Says Cohen: “When you look at the core of what Tampa Bay is about — tourism, hospitality and homebuilding, those areas are still extremely weak right now.”

Anderson says even though his firm does a lot of business outside the Tampa area, he's not overwhelmed locally. “I would say it's a soft climate,” says Anderson. “I just don't see as much activity as I think people want to talk about.”

Adds Dyer: “I don't see there being a real resurgence in growth at the moment. You still see a lot a lot of stores closed and restaurants continue to struggle.”

Some executives lauded Tampa Mayor Bob Buckhorn for setting a strong pro-business tone. “I think we have a very practical mayor,” says King. “He's coming out with meaningful changes to the regulation and the inhibitions to doing business in Tampa.”

CEO Council
The CEO Council, celebrating its 10-year anniversary in 2012, has more than 200 members, who run companies in four Tampa-area counties. The mission of the group combines three ideals: Networking and relationships with other top executives; ideas and strategies about how to grow companies; and how leaders can solve non-industry specific issues. The group doesn't allow solicitations.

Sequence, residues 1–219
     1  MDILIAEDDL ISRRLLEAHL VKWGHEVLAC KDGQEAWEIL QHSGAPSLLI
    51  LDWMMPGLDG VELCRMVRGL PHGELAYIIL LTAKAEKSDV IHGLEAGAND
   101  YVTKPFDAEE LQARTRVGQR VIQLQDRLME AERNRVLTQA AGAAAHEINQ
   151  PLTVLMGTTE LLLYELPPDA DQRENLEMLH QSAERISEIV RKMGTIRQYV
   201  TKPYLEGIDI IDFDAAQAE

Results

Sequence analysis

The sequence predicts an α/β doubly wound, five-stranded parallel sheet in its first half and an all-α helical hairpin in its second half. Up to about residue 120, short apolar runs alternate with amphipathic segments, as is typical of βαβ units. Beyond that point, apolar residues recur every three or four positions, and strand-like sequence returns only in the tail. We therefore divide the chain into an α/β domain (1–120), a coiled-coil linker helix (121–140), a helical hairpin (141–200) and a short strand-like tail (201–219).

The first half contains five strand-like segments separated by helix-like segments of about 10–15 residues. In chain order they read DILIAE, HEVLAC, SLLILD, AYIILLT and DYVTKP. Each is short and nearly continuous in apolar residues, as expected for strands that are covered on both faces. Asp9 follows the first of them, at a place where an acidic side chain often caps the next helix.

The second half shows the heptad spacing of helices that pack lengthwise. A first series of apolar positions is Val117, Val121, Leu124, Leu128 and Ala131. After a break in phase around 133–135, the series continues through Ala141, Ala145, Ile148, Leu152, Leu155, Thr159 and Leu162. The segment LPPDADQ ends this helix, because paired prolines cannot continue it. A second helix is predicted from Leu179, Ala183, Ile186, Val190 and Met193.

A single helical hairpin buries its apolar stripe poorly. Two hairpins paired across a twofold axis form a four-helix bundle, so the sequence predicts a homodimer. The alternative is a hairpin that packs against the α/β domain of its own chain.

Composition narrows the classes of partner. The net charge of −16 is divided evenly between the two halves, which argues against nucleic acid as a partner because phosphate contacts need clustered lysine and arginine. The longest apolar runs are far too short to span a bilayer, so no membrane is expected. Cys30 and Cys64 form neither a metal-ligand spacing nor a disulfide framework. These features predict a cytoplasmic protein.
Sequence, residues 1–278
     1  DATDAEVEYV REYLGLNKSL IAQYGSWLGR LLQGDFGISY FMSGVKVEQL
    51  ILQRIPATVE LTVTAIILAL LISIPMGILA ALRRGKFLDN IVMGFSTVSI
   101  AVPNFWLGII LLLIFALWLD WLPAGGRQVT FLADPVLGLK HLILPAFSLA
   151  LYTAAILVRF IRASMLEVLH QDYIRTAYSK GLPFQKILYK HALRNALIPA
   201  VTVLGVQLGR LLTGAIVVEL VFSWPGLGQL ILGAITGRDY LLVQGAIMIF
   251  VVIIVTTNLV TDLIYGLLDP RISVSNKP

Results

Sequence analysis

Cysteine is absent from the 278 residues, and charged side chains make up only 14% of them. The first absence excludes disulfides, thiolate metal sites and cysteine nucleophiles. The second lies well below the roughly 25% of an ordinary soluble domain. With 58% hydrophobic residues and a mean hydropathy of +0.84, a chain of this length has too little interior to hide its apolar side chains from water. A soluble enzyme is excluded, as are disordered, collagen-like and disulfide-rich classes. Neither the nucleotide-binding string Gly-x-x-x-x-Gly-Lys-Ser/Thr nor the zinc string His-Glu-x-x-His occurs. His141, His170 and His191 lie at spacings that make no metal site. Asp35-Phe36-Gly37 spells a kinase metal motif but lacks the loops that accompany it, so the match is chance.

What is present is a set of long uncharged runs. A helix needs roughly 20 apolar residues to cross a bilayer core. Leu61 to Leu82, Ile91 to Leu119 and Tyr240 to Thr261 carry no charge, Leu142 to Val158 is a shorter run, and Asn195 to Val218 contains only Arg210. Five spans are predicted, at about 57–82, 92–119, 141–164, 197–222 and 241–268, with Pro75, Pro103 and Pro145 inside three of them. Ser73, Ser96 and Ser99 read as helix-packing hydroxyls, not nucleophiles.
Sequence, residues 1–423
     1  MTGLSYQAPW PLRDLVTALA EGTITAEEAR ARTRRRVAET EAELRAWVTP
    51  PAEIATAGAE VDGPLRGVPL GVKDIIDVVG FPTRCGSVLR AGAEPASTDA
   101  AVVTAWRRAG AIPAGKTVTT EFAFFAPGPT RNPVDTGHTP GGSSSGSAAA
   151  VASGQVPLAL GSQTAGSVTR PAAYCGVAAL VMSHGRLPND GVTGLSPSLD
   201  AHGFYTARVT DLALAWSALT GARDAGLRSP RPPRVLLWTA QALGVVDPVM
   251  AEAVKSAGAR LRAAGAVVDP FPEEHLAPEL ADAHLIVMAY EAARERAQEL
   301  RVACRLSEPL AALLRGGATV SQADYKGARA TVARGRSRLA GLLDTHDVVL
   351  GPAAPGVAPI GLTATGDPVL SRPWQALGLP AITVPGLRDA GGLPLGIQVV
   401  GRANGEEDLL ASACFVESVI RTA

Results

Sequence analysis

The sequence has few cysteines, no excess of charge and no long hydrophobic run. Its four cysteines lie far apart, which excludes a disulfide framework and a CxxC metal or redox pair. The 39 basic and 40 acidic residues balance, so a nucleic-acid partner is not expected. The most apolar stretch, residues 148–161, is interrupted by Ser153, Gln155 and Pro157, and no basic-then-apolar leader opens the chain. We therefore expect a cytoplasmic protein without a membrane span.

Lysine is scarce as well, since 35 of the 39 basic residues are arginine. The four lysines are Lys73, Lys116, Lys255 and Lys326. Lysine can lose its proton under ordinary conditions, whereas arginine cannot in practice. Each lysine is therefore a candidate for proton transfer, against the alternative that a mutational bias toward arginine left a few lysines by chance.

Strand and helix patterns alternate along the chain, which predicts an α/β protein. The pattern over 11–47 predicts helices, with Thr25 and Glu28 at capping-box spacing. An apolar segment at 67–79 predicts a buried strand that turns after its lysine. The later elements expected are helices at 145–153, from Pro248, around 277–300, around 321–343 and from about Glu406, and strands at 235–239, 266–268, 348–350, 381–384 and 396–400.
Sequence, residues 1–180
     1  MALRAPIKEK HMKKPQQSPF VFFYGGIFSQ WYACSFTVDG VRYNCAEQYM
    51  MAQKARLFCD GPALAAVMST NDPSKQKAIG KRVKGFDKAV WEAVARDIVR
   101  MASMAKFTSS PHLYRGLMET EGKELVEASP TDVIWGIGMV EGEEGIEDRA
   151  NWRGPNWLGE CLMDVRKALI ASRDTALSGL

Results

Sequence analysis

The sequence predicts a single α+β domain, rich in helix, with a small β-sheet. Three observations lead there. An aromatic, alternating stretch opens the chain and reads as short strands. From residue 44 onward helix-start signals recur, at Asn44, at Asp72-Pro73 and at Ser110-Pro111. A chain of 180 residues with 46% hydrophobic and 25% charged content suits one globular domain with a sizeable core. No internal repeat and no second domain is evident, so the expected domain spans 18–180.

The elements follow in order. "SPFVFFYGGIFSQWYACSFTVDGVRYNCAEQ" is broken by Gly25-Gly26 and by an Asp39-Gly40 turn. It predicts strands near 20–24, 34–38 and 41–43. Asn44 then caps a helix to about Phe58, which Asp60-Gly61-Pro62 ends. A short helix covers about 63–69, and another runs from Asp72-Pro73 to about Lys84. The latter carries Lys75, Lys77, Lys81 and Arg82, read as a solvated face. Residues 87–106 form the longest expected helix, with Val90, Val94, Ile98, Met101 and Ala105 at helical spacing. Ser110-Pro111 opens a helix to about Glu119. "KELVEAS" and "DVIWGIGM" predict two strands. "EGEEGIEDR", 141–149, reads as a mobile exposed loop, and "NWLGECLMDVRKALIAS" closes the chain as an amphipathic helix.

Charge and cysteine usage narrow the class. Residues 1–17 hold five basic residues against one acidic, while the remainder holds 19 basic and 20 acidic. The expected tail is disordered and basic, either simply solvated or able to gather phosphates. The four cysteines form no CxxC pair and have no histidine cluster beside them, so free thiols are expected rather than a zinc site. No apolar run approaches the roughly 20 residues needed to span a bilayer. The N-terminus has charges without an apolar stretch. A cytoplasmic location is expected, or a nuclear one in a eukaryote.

Members are CEOs or presidents of companies with at least 25 employees and a minimum of $3 million in annual revenues. All six executives say their membership has been a key driver in their business, and life, success. “I think we are a nice secret weapon here,” says Peifer, who adds that cities like Orlando, Austin and Charlotte would love to have a similar group.

Moreover, the CEO Council isn't about mere networking or education sessions, says King. It's essentially a group of doers who strive to help their fellow members. “I know we've saved people millions of dollars,” says King. “We've also saved people from really ignorant decisions.”

• Mark Anderson, eLogic Learning. Anderson's business designs and implements training and development programs for other businesses.

• Eric Bailey, CapTrust Financial Advisors. A Tampa native, Bailey is a founding principal of CapTrust, an investment consultant firm founded in 1998.

• Andrew Cohen, All Covered: A division of Konica Minolta, All Covered provides IT services. Prior to All Covered, Cohen was president and CEO of Vertical IT Solutions.

• Geoff Dyer, Lifestyle Family Fitness: A native of Australia, Dyer founded Lifestyle Family Fitness, a chain of fitness centers, when he opened one in Lakeland in 1982.

• Guy King, M.E. Wilson Company: Founded in Tampa in 1920, the firm provides risk management, insurance and employee benefits to large corporate entities. King's maternal grandfather, M.E. (Gene) Wilson, founded the firm.

• Chris Peifer, Tice Financial Services: Peifer has been the president of Tice, a financial consulting firm, since its founding in 1987. He's also currently on the board of Tampa-based Bay Cities Bank.

Click here for more information on the CEO Council of Tampa Bay.